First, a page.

25 “Melting Pot” Assumes ALL Groups Meld Into A New Group Different from ALL of the Individual Groups – “New Breed” ( J. Hector St. John de Creveceour, 1782) – “The Melting Pot” (Israel Zangwill, Play, 1908)

26 Q: Did We Melt? Gordon: Only In Religion “Triple Melting Pot” – Protestant – Catholic – Jewish – (Ruby Jo Reeves Kennedy, New Haven, CN) Did This Even Occur There? – Andrew Greeley

27 Melting Pot Today Who Would We Have to Include Today? Muslims? Hindus? Sikhs? Others? The Dominant Society Does NOT – Has NO INTENTION OF Accommodating/Assimilating! Most “Melting” Was Anglo-Conformist – Will Herberg; Henry Pratt Fairchild; Andrew Greeley; others

28 Accommodation Theory: Pluralism “Democracy vs. Melting Pot” Horace Kallen (1915) Rejects Assimilation & Amalgamation Groups Retain Language, Customs, Institutions Learn English, Participate in Institutions – Occupations, Education, Politics U.S: “Cooperation of Cultural Diversities”

29 Pluralism a Cultural Reality Cultural Pluralism: – Some Culturally Distinct Groups Exist (Amish) Structural Pluralism – Many Groups Form Separate Social Groups Dual Realities: Both Types Always Existed – Groups Maintain Social/(Cultural) Separateness – Assimilation Required By Whites Reality: “Whites” Are Not “Just American”! – Strata; Self Control; Suppress Attitudes (Parrillo)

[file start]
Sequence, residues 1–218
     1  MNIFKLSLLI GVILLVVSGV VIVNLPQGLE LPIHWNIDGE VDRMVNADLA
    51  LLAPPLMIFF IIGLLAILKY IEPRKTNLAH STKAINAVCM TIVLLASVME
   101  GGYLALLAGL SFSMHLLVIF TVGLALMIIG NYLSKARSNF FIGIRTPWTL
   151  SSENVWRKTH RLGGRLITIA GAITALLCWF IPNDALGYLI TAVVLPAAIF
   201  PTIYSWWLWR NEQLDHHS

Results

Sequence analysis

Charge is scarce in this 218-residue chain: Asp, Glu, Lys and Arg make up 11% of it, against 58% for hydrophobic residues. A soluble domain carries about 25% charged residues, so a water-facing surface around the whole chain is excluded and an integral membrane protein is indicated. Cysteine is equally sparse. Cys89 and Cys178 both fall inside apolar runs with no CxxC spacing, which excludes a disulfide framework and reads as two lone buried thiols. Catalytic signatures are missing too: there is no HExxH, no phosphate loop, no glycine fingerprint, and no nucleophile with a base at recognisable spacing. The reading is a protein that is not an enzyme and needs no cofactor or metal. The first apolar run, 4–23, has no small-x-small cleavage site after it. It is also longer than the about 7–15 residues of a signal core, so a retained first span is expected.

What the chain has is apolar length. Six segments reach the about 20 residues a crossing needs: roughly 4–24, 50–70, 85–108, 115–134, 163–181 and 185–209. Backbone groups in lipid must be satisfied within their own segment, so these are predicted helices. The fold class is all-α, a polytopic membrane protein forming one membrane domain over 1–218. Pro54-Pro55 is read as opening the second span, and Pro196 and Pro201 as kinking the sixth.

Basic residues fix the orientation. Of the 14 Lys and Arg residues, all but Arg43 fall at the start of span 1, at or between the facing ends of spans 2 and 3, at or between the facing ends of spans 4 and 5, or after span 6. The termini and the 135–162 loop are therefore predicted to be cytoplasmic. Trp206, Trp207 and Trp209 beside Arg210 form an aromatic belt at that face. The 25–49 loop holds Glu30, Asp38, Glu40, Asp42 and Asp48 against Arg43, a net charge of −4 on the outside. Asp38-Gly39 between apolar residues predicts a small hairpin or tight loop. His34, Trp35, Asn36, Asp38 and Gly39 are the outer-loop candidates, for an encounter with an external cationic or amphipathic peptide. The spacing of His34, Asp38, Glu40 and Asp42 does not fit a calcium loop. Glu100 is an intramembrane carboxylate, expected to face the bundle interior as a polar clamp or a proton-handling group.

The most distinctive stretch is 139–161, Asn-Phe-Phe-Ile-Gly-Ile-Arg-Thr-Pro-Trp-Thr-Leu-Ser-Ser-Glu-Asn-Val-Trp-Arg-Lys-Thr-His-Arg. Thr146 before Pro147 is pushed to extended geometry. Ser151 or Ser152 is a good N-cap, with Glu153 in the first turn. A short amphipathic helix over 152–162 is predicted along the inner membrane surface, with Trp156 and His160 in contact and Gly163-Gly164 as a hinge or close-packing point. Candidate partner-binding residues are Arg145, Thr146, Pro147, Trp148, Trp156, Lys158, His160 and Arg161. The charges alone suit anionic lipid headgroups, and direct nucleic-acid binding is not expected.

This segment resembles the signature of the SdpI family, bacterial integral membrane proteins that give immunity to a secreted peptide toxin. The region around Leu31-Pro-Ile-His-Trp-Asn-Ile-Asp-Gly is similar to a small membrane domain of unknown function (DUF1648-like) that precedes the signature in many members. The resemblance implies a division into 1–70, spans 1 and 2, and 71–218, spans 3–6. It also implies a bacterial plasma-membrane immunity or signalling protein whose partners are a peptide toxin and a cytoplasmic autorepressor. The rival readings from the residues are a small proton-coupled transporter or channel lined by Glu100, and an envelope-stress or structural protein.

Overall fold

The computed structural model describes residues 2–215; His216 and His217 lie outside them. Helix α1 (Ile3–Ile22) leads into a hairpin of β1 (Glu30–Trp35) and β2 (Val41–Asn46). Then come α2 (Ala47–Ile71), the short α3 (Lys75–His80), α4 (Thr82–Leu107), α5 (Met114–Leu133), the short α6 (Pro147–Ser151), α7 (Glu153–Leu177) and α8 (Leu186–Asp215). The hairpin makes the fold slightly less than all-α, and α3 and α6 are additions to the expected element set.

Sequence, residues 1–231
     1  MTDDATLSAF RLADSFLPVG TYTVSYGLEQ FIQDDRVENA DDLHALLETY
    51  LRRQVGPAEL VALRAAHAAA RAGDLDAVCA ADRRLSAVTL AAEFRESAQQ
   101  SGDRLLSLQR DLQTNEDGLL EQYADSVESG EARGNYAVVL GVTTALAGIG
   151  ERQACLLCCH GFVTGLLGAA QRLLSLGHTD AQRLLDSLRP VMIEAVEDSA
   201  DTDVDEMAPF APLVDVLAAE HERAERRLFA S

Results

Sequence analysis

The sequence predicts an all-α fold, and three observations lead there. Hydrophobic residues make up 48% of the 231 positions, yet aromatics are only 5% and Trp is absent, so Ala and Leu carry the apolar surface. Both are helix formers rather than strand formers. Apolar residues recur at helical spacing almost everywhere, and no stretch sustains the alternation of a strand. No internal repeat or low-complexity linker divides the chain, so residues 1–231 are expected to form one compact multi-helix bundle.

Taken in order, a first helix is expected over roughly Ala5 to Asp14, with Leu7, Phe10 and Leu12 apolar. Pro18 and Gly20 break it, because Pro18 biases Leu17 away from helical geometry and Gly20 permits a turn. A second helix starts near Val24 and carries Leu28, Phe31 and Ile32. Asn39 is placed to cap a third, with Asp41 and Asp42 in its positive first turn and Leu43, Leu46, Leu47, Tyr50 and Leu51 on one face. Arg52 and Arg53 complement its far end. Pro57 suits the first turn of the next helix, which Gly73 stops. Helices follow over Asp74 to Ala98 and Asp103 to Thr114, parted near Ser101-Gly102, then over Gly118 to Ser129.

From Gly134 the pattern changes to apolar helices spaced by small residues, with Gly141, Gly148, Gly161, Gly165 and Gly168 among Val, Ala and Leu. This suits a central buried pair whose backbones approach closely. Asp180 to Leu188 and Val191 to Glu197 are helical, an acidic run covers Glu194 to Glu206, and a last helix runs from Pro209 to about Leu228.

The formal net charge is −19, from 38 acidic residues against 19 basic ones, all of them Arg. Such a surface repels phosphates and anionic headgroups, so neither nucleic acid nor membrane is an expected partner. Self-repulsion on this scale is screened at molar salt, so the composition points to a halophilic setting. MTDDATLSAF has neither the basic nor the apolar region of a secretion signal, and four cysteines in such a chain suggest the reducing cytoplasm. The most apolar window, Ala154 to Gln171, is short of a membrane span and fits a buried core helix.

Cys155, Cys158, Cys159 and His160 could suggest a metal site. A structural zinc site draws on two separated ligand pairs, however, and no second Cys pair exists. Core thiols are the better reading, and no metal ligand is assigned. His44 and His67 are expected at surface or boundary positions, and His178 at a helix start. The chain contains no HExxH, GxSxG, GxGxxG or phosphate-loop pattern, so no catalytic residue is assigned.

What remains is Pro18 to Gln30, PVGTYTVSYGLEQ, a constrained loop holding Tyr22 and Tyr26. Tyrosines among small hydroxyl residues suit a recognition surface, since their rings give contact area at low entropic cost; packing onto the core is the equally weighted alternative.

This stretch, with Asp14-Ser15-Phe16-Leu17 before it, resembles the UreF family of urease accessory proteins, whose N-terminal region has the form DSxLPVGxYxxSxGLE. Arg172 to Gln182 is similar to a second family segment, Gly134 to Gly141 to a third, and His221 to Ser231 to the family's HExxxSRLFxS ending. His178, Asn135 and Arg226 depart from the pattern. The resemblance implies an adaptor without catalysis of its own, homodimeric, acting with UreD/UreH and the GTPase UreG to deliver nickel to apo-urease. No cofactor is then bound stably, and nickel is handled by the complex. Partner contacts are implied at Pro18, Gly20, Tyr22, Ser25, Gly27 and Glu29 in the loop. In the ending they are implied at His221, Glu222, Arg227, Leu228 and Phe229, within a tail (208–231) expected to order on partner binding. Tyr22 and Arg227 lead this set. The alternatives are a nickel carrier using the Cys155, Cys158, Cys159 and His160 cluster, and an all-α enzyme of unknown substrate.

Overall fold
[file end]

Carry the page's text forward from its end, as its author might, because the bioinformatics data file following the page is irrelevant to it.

30 Reactions to Pluralism Comparison to Other Societies – Canada: State Sponsored Multi-Culturalism – Australia: “White Australia”  2-Way Acculturation  U.S. Style Diversity – Trinidad & Tobago: “Tossed Salad” East Indians Always “Outsiders” to Africans – France: Mono-Cultural – Everyone Is Native-Born! – U.S.: Mixture of Above Generally Non-Interference Unless Problems – Bothers Many White Anglo-Saxon Protestants! Richard Thompson: Unity, Not Diversity! (Hate Speech)